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Ricin-Laced Letter Sent to Mayor Bloomberg, NYPD Says

By  Murray Weiss and Bryan Graham | May 29, 2013 6:09pm | Updated on May 29, 2013 8:35pm

 Mayor Michael Bloomberg was the target of a threatening letter that tested positive for ricin, the NYPD said May 29, 2013.
Mayor Michael Bloomberg was the target of a threatening letter that tested positive for ricin, the NYPD said May 29, 2013.
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NEW YORK CITY — An anonymous threatening letter to Mayor Michael Bloomberg, opened in Lower Manhattan on Friday, tested positive for the poison ricin, police said Wednesday evening.

The letter, which came from Louisiana, referenced Bloomberg's strong advocacy for gun control and threatened his life, sources and officials said.

“You’re not going to take my guns. You’ll have to kill me before you take my guns. If you take my guns, you should see what I’m going to do to you,” the letter read, according to the New York Post.

The author said they had a “constitutional and God given right and I will exercise that right til I die,” the newspaper reported.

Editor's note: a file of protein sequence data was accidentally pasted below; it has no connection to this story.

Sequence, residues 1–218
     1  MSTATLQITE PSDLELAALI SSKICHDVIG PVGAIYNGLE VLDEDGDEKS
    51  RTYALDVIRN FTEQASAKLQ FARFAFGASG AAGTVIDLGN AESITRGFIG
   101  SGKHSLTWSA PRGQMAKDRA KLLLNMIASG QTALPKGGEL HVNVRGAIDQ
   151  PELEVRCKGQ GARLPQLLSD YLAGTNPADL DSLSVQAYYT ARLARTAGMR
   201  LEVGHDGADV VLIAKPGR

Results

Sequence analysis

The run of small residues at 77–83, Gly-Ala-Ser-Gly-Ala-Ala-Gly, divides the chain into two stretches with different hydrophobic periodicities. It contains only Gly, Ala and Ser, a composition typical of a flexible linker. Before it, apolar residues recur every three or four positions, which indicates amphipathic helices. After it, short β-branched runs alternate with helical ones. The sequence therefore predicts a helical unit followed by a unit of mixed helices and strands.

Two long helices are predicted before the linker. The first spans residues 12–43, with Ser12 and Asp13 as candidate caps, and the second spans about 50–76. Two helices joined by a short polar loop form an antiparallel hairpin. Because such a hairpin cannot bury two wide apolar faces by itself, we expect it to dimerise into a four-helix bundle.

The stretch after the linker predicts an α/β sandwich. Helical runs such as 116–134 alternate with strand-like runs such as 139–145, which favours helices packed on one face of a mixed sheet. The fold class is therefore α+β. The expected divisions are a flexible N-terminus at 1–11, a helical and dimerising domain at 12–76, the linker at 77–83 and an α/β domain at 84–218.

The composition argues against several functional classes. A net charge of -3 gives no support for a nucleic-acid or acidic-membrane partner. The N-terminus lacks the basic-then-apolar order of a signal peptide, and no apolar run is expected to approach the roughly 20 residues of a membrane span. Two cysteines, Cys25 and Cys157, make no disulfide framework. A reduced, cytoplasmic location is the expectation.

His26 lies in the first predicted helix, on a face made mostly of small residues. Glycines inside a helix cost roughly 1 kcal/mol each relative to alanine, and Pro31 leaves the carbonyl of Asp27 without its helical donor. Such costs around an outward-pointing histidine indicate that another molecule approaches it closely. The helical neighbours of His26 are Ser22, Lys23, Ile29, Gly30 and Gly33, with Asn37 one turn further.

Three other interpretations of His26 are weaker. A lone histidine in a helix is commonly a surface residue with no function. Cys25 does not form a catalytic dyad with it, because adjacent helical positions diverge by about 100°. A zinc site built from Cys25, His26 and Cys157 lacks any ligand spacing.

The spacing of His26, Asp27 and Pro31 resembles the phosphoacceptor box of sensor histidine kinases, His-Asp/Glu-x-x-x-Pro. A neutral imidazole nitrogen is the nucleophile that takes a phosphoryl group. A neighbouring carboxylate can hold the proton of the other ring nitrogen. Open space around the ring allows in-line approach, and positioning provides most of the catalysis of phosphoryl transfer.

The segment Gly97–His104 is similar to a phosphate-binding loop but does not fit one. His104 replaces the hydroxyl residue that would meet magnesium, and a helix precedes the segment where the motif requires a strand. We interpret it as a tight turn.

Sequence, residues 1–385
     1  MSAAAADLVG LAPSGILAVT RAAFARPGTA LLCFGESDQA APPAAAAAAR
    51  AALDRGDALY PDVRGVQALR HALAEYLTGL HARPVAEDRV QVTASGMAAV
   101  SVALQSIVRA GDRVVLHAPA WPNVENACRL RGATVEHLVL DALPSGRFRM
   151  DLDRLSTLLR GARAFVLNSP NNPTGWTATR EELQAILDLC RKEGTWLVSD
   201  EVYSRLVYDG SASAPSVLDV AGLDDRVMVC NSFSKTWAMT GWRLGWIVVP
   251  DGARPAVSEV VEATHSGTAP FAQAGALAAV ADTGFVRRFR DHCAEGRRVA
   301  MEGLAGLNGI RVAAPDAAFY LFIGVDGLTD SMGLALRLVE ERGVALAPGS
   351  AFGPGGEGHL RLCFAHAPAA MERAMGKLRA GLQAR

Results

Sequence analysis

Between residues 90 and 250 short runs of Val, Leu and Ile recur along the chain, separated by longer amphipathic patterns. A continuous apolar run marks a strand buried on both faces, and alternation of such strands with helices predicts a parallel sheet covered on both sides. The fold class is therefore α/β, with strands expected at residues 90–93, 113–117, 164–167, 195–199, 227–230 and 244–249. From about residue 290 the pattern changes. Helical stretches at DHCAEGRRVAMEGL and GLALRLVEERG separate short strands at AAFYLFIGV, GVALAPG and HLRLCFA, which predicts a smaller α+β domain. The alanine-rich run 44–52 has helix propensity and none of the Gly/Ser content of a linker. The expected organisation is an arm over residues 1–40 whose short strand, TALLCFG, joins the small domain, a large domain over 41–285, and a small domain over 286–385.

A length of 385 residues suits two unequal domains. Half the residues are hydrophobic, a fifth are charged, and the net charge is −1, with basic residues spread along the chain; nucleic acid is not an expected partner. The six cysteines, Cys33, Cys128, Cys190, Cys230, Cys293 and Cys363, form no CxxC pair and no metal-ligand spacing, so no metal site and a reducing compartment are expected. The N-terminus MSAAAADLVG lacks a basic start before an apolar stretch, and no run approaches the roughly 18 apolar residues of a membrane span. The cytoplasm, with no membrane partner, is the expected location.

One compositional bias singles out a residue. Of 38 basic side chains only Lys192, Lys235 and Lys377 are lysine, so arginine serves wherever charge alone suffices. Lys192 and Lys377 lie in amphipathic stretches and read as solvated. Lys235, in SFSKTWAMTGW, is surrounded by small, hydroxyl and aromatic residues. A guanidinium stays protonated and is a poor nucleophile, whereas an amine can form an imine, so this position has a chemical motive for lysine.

An identical letter sent to the Bloomberg-led Mayors Against Illegal Guns coalition in Washington, D.C., received on Sunday, also tested positive for the toxin, which is potentially fatal if inhaled or ingested, according to police and the Centers for Disease Control and Prevention.

A clerk screening city mail at 100 Gold St. in Lower Manhattan opened the first ricin-containing letter on Friday and found an orange, greasy substance inside, sources said.

The clerk called the cops, and the NYPD's Emergency Service Unit responded and examined the letter, sources said. The NYPD did some preliminary tests and it was not immediately clear whether the substance contained ricin. Police called in the FBI Joint Terrorism Task Force, which sent a sample to the National Bioforensic Analysis Center in Maryland.

Preliminary tests on the sample on Wednesday indicated the presence of ricin, NYPD officials said.

Members of the Emergency Service Unit who came into contact with the letter on Friday got sick the next day with minor symptoms related to ricin exposure, including diarrhea, but they recovered quickly, officials and sources said.

No civilian personnel in New York or Washington had any symptoms after their exposure, according to the NYPD.

Ricin, which is extracted from castor beans, is more toxic than cyanide. As little as 500 micrograms, or an amount the size of a pinhead, can be fatal if inhaled or ingested, according to the CDC.

The FBI Joint Terrorism Task Force and the NYPD Intelligence Division, which is responsible for the mayor’s protection, were investigating the threats this week, authorities said.

The mayor's press office referred requests for comment to the NYPD.